Friday, August 20, 2010

The Naked God

I have written before about Richard Rohr*. I have come to believe that the kind of spirituality he practices and preaches is really only one that will ever be satisfying to me and my (perhaps overactive, never quiescent) conscience and forever restless soul. His counsel is all the things I cannot do: be silent, let go, rest in the Mystery, stop beating up on yourself, don't judge, accept yourself, be still. And I'm slowly coming to understand that these are all the things I know I must do if ever I'm going to find the Truth, which is all I've ever sought, which when I think about the heart of me has kinda consumed my life. I've gotten this far thus far: I'm convinced that what I'm looking for won't be found in the religion I know--indeed, it probably holds true for all Christian religions--with its logic-chopping about dogma and doctrine, its scandalous materialism, its commitment to self-preservation before all else. It's beginning to become increasingly clear, as clear, I suppose as anything about this subject can be, that the naked god of my quest can only be found by not seeking him. And it's fitting that this god of the universe, the seen and unseen, is paradox, enigma, forever unknown and unknowable.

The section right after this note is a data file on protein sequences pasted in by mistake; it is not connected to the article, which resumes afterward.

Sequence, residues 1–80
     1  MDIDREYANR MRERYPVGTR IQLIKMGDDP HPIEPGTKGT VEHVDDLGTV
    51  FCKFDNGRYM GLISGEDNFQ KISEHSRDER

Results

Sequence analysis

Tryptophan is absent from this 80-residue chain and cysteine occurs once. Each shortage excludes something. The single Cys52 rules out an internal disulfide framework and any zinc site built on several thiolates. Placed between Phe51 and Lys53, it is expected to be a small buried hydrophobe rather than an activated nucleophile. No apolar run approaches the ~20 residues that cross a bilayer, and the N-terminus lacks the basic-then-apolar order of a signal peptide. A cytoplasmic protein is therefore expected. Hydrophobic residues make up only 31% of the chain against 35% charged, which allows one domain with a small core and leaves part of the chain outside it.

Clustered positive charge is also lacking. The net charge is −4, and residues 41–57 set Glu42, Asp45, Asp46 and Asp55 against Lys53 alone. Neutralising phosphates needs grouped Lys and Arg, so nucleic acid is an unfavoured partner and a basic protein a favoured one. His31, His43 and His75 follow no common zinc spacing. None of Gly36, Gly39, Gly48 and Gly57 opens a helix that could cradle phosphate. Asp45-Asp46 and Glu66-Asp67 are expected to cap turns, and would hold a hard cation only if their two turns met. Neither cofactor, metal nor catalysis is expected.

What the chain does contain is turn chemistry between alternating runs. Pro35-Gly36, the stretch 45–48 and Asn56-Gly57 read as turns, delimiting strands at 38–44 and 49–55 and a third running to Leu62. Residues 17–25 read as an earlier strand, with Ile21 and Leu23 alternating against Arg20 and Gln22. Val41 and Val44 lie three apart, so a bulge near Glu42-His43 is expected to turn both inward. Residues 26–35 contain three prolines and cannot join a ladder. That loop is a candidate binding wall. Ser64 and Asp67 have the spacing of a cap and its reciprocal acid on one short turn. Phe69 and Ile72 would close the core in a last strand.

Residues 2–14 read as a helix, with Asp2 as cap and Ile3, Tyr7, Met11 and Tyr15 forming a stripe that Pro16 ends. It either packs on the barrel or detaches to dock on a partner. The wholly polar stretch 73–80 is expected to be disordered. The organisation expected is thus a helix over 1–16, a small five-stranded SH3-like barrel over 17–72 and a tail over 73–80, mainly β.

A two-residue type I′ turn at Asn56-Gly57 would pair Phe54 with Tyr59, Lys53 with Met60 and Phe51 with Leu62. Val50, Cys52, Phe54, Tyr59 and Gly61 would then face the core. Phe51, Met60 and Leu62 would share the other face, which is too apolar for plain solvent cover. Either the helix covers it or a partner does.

The goal of all spirituality is to lead the “naked person” to stand trustfully before the naked God. The important thing is that we’re naked; in other words that we come without title, merit, shame, or even demerit.  All we can offer to God is who we really are, which to all of us, never seems like enough.  I am sure this is the way true lovers feel too.
As you know, the act of lovemaking requires some degree of nakedness, and perhaps sacred silence to absorb the communion that is happening. The same is true in loving and being loved by God.  We have to let go of our false self (as superior or as inferior) to be ready for real unity with God; and to do that, we have to be silent. 
Silence is the language of God, and the only language deep enough to absorb all the contradictions and failures that we are holding against ourselves.  God loves us silently because God has no case to make against us.  The silent communion absorbs our self-hatred, as every lover knows.
The piece mentioned at the bottom of this post mentions Rohr, and it's worth your time to read if you're interested.

*Here and here and here.
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